Take the 2-minute tour ×
Super User is a question and answer site for computer enthusiasts and power users. It's 100% free, no registration required.

I've learned at myriad sources online that (roughly), in order to login to a remote server without a password: generate an ssh key, put the pub version in authorized_keys on the remote system; put the private version in your local ~/.ssh/ directory; chmod it to 0600 and poof, you're in. While that is mostly correct, I find that the key (pair) has to be named id_rsa (id_rsa.pub) or id_dsa (id_dsa.pub) for SSH to offer it to remote servers.

Let me back up a bit. I have a login, SurnameG on my local Mac. I have a SurnameG account on a remote system, otherserver.

I copied the contents of ~/.ssh/surnameg.pub to that system's /home/surnameg/.ssh/authorized_keys. I've tested with the -i option from my Mac to ssh in and it works fine.

I have an ~/.ssh/id_rsa (which I generated for use with github.com).

And of course, I have ~/.ssh/surnameg and even some other keys there, which are not being "tried" when I try to login the following way to otherserver.com :

ssh 1.2.3.4

Here, I am trying to use SurnameG (the current local logged in user) to login to my SurnameG account on otherserver. I am wanting openssh to offer ~/.ssh/surnameg in its attempt to connect, but it does not - let's take a closer look with the verbose option:

BOX:~ SurnameG$ ssh -v 1.2.3.4
OpenSSH_5.9p1, OpenSSL 0.9.8y 5 Feb 2013
debug1: Reading configuration data /Users/SurnameG/.ssh/config
debug1: Reading configuration data /etc/ssh_config
debug1: /etc/ssh_config line 20: Applying options for *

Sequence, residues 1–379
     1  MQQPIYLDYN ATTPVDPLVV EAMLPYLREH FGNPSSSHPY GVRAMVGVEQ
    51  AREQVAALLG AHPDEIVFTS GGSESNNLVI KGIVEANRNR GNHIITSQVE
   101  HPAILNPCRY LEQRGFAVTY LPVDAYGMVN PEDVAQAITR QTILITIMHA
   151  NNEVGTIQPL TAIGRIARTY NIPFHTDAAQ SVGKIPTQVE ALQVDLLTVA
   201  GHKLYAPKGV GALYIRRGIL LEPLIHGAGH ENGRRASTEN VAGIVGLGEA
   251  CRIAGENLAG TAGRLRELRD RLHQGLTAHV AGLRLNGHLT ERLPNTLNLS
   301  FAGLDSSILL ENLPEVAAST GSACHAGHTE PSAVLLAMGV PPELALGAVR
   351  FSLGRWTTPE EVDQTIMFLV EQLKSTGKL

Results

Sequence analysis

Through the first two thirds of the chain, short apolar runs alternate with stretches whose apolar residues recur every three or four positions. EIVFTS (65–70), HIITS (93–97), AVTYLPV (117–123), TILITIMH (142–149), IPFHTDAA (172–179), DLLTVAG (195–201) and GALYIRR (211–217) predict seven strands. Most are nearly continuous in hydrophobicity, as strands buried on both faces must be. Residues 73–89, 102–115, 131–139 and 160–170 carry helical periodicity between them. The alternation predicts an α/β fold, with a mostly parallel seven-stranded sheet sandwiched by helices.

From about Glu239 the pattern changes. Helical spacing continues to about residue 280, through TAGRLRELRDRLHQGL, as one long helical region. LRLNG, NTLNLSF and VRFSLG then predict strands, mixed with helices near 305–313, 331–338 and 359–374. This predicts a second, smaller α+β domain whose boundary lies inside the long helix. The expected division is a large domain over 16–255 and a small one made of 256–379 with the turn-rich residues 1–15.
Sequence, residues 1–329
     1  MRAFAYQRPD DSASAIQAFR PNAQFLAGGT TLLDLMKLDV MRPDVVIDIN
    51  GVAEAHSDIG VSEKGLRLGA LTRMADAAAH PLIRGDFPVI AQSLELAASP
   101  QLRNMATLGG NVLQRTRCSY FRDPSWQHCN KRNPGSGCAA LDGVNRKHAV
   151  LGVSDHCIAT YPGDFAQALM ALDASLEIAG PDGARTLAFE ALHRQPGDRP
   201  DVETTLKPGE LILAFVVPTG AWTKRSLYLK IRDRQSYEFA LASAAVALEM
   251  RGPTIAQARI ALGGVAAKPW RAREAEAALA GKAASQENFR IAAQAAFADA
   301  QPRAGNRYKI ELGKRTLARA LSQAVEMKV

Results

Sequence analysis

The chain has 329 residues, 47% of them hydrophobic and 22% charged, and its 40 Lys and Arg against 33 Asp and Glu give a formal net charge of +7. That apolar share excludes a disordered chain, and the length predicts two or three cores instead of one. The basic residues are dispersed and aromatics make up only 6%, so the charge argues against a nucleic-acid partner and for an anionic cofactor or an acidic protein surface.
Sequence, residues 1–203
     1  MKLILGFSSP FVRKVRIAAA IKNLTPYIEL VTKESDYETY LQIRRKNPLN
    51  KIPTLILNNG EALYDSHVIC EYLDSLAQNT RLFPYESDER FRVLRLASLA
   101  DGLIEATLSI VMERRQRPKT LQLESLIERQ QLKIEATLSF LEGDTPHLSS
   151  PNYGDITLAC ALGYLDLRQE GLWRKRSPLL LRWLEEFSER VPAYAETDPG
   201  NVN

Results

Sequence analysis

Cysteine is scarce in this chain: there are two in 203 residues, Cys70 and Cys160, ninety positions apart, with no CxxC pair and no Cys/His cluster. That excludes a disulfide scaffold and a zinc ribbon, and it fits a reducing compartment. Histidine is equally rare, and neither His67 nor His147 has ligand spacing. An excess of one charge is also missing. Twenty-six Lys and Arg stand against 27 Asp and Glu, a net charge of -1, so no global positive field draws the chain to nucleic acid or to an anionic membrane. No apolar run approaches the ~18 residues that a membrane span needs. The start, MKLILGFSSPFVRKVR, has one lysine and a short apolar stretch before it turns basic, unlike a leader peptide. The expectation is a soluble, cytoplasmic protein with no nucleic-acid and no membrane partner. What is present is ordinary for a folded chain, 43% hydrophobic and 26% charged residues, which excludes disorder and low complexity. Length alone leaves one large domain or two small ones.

debug1: Connecting to 1.2.3.4 [50.112.132.124] port 22.
debug1: Connection established.
debug1: identity file /Users/SurnameG/.ssh/id_rsa type 1
debug1: identity file /Users/SurnameG/.ssh/id_rsa-cert type -1
debug1: identity file /Users/SurnameG/.ssh/id_dsa type -1
debug1: identity file /Users/SurnameG/.ssh/id_dsa-cert type -1
debug1: Remote protocol version 2.0, remote software version OpenSSH_5.3
debug1: match: OpenSSH_5.3 pat OpenSSH*
debug1: Enabling compatibility mode for protocol 2.0
debug1: Local version string SSH-2.0-OpenSSH_5.9
debug1: SSH2_MSG_KEXINIT sent
debug1: SSH2_MSG_KEXINIT received
debug1: kex: server->client aes128-ctr hmac-md5 none
debug1: kex: client->server aes128-ctr hmac-md5 none
debug1: SSH2_MSG_KEX_DH_GEX_REQUEST(1024<1024<8192) sent
debug1: expecting SSH2_MSG_KEX_DH_GEX_GROUP
debug1: SSH2_MSG_KEX_DH_GEX_INIT sent
debug1: expecting SSH2_MSG_KEX_DH_GEX_REPLY
debug1: Server host key: RSA ax:64:3e:4a:e3:2c:e4:30:dd:36:a4:a0:9x:fa:ba:6b
debug1: Host '1.2.3.4' is known and matches the RSA host key.
debug1: Found key in /Users/SurnameG/.ssh/known_hosts:88
debug1: ssh_rsa_verify: signature correct
debug1: SSH2_MSG_NEWKEYS sent
debug1: expecting SSH2_MSG_NEWKEYS
debug1: SSH2_MSG_NEWKEYS received
debug1: Roaming not allowed by server
debug1: SSH2_MSG_SERVICE_REQUEST sent
debug1: SSH2_MSG_SERVICE_ACCEPT received
debug1: Authentications that can continue: publickey,gssapi-keyex,gssapi-with-mic
debug1: Next authentication method: publickey
debug1: Offering RSA public key: /Users/SurnameG/.ssh/id_rsa
debug1: Authentications that can continue: publickey,gssapi-keyex,gssapi-with-mic
debug1: Trying private key: /Users/SurnameG/.ssh/id_dsa
debug1: No more authentication methods to try.